Over time, fresh cut flowers have been handled in many different ways. It’s thanks to trial and error that we have managed to discover what keeps them happy and fresh. Even flower experts years ago offered some advice that we no longer follow. Which is why it’s always good to keep up with the latest tips and tricks regarding cut flower care.
The first thing to do is take care when choosing a mixed bouquet of flowers. Many flowers look great together but they might not like each other very much. Daffodils, for example, emit a kind of latex from their stems and this latex causes damage to the rest of the flowers in your vase. If you still want to use daffodils in a mixed flower arrangement, you can simply place them on their own in a bucket of water for at least 12 hours before adding them to your mixed bouquet. There is also a special kind of flower preserve that you can use to protect your other blooms from the latex that seeps out of daffodil stems.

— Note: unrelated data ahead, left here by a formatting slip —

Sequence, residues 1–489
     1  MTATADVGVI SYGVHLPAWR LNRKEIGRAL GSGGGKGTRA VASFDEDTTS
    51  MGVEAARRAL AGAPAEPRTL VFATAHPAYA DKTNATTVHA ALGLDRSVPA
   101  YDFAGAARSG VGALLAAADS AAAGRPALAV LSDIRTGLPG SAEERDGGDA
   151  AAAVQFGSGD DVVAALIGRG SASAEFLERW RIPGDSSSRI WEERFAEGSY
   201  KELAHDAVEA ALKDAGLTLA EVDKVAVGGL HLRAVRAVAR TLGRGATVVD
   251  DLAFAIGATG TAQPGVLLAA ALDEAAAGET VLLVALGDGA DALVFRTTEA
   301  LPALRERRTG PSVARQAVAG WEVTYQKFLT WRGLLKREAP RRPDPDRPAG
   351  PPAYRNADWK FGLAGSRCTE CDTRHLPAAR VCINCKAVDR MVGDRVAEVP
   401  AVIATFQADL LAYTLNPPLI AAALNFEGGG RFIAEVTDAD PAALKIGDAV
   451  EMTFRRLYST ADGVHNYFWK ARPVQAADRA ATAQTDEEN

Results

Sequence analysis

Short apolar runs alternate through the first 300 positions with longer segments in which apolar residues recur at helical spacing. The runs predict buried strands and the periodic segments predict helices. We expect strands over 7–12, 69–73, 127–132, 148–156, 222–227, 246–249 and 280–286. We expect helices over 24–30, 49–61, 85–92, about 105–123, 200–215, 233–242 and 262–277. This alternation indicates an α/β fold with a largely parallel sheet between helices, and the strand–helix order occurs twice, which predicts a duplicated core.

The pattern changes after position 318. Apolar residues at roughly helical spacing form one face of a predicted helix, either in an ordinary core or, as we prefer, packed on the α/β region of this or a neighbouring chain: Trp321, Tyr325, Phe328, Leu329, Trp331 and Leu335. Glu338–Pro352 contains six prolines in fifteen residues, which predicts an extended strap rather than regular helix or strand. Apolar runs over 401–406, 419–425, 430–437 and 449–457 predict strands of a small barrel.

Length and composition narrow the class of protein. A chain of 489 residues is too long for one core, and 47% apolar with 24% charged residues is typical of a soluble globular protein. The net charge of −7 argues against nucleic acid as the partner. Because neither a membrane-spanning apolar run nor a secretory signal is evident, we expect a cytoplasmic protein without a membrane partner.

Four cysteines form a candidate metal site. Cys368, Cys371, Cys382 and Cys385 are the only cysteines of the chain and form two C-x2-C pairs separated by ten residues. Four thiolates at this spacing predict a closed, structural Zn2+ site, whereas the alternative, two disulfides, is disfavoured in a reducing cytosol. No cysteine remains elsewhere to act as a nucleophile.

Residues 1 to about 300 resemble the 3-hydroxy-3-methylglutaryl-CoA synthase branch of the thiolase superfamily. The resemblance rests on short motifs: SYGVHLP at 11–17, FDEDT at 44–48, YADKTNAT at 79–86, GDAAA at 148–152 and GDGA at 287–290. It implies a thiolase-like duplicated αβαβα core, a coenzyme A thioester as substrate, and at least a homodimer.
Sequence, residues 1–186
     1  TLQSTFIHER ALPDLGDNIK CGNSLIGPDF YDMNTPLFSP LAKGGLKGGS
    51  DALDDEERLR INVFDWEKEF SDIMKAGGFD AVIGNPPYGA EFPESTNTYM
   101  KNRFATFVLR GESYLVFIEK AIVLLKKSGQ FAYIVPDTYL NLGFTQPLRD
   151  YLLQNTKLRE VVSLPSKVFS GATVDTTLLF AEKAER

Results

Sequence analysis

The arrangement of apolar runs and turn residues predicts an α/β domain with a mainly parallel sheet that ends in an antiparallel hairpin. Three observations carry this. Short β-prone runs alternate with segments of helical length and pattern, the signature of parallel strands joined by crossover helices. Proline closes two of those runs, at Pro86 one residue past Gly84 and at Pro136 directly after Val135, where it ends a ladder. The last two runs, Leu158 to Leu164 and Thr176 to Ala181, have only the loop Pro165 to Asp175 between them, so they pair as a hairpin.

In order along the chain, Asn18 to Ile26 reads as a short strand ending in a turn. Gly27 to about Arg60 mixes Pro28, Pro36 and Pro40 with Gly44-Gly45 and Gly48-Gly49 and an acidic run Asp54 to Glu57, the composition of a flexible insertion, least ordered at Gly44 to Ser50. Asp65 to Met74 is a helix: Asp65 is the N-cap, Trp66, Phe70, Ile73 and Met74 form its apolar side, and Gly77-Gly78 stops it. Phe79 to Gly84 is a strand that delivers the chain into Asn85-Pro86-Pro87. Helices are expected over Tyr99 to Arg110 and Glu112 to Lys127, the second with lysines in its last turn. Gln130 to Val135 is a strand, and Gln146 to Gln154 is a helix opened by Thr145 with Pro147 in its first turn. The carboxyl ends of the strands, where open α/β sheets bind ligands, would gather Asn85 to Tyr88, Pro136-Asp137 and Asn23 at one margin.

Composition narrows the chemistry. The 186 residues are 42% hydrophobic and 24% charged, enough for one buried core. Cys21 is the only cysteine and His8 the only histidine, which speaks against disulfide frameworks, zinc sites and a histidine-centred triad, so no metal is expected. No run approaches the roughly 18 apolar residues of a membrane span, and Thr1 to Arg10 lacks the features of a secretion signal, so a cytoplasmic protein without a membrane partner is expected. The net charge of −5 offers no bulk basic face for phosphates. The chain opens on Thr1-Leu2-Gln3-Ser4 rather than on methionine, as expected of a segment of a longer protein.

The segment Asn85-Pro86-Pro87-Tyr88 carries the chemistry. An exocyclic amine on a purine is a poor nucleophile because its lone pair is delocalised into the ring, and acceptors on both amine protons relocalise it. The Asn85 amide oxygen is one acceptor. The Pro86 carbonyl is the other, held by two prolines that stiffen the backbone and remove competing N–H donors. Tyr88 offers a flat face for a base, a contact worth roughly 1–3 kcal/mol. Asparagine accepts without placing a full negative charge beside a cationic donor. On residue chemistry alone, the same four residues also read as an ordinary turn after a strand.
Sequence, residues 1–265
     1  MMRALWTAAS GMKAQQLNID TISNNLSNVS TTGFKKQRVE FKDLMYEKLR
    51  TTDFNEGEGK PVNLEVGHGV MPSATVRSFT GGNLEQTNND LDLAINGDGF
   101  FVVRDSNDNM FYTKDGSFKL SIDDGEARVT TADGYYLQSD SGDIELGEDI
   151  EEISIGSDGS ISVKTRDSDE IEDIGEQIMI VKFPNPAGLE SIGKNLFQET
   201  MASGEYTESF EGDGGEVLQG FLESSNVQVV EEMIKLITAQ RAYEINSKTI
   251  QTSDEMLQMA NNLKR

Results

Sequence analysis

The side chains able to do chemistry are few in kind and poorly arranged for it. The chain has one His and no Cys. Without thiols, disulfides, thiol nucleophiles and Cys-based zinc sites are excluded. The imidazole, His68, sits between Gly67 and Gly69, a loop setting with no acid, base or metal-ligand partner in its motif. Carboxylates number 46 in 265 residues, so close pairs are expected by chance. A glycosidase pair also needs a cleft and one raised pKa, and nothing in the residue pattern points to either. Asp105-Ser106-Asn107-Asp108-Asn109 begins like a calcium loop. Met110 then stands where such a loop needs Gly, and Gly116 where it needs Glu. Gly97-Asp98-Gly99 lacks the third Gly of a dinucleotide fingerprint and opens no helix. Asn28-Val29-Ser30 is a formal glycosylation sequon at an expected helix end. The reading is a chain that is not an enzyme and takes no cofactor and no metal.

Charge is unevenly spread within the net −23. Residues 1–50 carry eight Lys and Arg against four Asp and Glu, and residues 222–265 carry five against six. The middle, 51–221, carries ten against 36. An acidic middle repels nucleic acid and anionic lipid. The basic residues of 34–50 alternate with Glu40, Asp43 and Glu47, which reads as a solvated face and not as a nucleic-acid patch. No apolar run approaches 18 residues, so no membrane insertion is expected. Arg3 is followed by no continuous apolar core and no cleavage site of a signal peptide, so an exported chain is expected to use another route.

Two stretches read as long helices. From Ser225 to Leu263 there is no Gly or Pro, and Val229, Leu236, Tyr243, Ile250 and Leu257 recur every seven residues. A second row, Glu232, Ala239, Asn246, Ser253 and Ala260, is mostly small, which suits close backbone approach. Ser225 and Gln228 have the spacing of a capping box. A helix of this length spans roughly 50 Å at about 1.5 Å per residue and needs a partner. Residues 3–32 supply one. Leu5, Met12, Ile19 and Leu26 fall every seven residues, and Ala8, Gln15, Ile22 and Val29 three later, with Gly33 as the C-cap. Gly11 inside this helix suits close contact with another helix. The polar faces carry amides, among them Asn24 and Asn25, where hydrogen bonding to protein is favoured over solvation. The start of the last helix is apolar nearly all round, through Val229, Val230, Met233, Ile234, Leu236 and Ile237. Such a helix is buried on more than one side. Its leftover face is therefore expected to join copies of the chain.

Years ago, many people believed that smashing flower stems would help them last longer. This is far from the truth and actually does more harm than good. If the stems are crushed, it puts stress on the flower and it makes it tough to absorb water. So, instead of crushing the stems, you should use a sharp knife or pair of scissors to prevent crushing. Some people believe that piercing the stems of tulips helps them last longer but this can damage the flower much like crushing the stems. If you are worried about drooping tulips, try supporting the stems with floral wire and tape or something similar.
Regardless of these common mistakes, there are still a lot of guidelines that most people can agree upon. These include keeping your fresh flower arrangement away from heaters, air conditioners, fans, and direct sunlight. All of these factors can cause your flowers to perish prematurely.
Finally, don’t forget to keep fresh fruit a fair distance from your fresh flowers. As lovely as they might look together, certain fruits release ethylene gas which causes other fruit and flowers to perish. Dying flowers also release this gas which is why you should remove wilting blooms as soon as you notice them.